[Editor’s note: The following article contains spoilers for “Sorry to Bother You.”]
At RegalView, the telemarketing firm where much of “Sorry to Bother You” is set, the most important rule is “stick to the script.” Yet writer-director Boots Riley refused to follow conventional filmmaking wisdom with his debut feature’s ending. Before the credits roll, corporate greed literally strips hero Cassius Green (Lakeith Stanfield) of his humanity.
Cassius first encounters the equisapien — half-horse, half-man — inside the mansion of Steve Lift (Armie Hammer), CEO of Worry Free, the world’s leading provider of indentured servitude. Cassius is terrified and tries to flee, but Lift forces him into his study to watch a claymation video, “A New Miracle,” which reveals that Worry Free residents ingest a chemical “fusing catalyst” that causes 70 percent of humans to mutate into the creatures Cassius just encountered.
Cassius is incensed, but Steve promises he hasn’t been tricked (“I’m not evil”). For $100 million and five years with a “horse cock,” Steve implores Cassius to be his spy and lead his Worry Free colleagues as “the equisapien Martin Luther King Jr., one that we create, that we control.” Then Cassius will be given the “diffuser antidote special sauce” to revert back to his normal self.
Instead, Cassius exposes Steve’s genetic tampering (and increases Worry Free’s stock value) with footage of the CEO warning his charges, “If you beautiful perversions don’t shut the fuck up, I’ll turn you all into glue.” Later, in a loving moment with his girlfriend Detroit (Tessa Thompson), Cassius’ face contorts to reveal gaping horse nostrils. In a brief final scene, Cassuis the equisapien introduces himself over Steve’s video intercom, smashes the camera, and stalks into the mansion with his cohorts, ready to exact their revenge.
Peter Prato/Annapurna Pictures
The equisapiens were built by Amalgamated Dynamics principals Tom Woodruff Jr. and Alec Gillis, who received their VFX training from the late four-time Oscar-winner Stan Winston (“Aliens,” “Terminator 2: Judgment Day,” “Jurassic Park”). A 30-year-old company headquartered in Chatsworth, Calif., ADI was responsible for the Academy Award-honored VFX in “Death Becomes Her” (1992), as well as onscreen magic in films like “Mars Attacks!,” “Starship Troopers,” and this September’s “The Predator.”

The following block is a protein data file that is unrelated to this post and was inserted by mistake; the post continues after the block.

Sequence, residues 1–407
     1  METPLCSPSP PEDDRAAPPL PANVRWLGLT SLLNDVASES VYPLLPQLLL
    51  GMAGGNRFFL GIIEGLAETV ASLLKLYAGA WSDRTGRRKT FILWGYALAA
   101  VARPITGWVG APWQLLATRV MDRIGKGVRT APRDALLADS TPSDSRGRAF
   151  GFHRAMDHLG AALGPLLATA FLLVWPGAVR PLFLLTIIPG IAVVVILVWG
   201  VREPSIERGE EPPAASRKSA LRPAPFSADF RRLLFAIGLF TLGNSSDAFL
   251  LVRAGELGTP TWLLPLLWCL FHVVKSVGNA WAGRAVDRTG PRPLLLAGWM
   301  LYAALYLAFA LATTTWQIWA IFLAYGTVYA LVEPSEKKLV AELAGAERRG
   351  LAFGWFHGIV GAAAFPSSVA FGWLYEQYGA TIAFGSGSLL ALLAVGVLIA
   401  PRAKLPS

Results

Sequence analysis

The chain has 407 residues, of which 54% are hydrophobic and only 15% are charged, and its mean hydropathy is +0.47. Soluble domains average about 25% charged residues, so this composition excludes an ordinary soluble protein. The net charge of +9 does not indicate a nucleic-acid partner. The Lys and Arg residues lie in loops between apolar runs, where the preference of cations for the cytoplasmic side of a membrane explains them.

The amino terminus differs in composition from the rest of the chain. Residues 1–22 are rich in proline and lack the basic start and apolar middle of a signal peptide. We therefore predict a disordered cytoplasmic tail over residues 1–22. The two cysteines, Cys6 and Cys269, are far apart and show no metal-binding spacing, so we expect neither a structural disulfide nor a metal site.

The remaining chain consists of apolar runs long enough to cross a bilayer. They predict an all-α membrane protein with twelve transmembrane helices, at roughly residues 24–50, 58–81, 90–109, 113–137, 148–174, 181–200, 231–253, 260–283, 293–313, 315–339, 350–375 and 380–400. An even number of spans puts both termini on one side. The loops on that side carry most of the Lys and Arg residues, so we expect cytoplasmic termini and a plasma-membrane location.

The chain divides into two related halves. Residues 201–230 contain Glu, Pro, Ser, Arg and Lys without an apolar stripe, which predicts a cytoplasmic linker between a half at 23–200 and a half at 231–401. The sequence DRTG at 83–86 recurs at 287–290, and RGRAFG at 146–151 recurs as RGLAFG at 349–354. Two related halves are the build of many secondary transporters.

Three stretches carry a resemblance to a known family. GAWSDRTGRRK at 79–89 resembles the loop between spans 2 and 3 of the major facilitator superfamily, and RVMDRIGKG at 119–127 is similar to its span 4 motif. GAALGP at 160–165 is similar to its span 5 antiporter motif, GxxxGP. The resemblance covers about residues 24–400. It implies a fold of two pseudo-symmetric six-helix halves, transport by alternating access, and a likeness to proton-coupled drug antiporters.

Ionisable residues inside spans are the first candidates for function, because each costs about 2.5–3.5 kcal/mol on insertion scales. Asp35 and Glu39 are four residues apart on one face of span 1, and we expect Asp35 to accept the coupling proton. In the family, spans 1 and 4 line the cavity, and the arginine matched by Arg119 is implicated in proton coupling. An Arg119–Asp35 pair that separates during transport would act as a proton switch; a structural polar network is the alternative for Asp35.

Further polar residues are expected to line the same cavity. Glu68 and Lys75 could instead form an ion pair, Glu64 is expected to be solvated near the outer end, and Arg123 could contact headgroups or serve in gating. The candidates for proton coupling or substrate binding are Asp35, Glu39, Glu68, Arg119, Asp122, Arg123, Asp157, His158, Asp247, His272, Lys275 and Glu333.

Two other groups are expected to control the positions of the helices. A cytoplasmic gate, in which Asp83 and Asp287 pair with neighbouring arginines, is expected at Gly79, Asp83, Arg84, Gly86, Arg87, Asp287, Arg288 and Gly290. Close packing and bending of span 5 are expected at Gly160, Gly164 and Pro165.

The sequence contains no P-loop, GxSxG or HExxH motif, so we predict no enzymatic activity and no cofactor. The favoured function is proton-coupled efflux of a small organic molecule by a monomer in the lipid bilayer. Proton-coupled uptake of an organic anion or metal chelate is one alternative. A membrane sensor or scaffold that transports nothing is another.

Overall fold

Motion-capture technology was not used for the half-horses. Rather, various puppeteers were brought on; one individual received credited for manipulating just the creatures’ eye movements.
Stanfield’s own transformation involved “a lot of time in makeup.” A clue about what lurked within Worry Free was revealed early in the film — the cover of Steve’s book, “I’m On Top,” features him riding Mr. Bobo. The script contained prior sprinklings of magical realism, from barside Jack Daniels bottles encased like Russian nesting dolls to Cassius’ cubicle desk, which bursts into the home of each person he calls.
“It was insane being on set and seeing those things in person because they’re very realistic and very detailed,” said Stanfield in a recent interview with IndieWire. “It’s a guy in like an animatronic robot-type thing. There’s somebody with a control moving all the facial expressions, and he’s doing all the gesticulations and movements and stuff … He has a built-in AC system-type weird thing that keeps him cool.”
Upon first reading about the creatures in Riley’s script, Stanfield said he thought the hybrids “would be cool, but I definitely didn’t know what it would look like. I was just like, ‘Oh, a monster thing, that’ll be fun.’ When I saw the sketches of the equisapiens later, I was like, ‘Oh shit, it’s going to look like that? That’s insane.’ And to me, it introduced an element of horror into it as well. It’s kind of scary.”
“Sorry to Bother You” is now playing in select theaters and will expand nationwide this Friday.